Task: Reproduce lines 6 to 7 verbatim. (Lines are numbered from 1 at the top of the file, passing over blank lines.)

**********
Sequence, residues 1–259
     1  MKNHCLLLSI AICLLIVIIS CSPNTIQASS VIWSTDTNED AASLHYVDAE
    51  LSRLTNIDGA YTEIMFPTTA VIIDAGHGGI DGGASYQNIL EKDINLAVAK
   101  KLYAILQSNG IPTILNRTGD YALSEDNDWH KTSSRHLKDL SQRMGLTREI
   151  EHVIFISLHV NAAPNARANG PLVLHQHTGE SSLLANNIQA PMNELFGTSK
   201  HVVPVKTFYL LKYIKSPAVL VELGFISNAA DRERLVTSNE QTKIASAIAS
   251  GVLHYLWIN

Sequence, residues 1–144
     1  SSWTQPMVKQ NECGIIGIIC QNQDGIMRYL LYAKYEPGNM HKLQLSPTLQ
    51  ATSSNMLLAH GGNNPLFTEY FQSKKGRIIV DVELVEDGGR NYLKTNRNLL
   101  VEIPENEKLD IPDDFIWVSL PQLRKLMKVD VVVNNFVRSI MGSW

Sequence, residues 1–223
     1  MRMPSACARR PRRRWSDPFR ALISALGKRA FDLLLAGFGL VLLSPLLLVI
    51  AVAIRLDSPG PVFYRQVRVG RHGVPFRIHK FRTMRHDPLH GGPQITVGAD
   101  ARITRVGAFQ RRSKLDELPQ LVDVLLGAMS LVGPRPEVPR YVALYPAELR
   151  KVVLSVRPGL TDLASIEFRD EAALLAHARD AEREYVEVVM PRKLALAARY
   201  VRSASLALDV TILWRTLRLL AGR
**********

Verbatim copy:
   201  HVVPVKTFYL LKYIKSPAVL VELGFISNAA DRERLVTSNE QTKIASAIAS
   251  GVLHYLWIN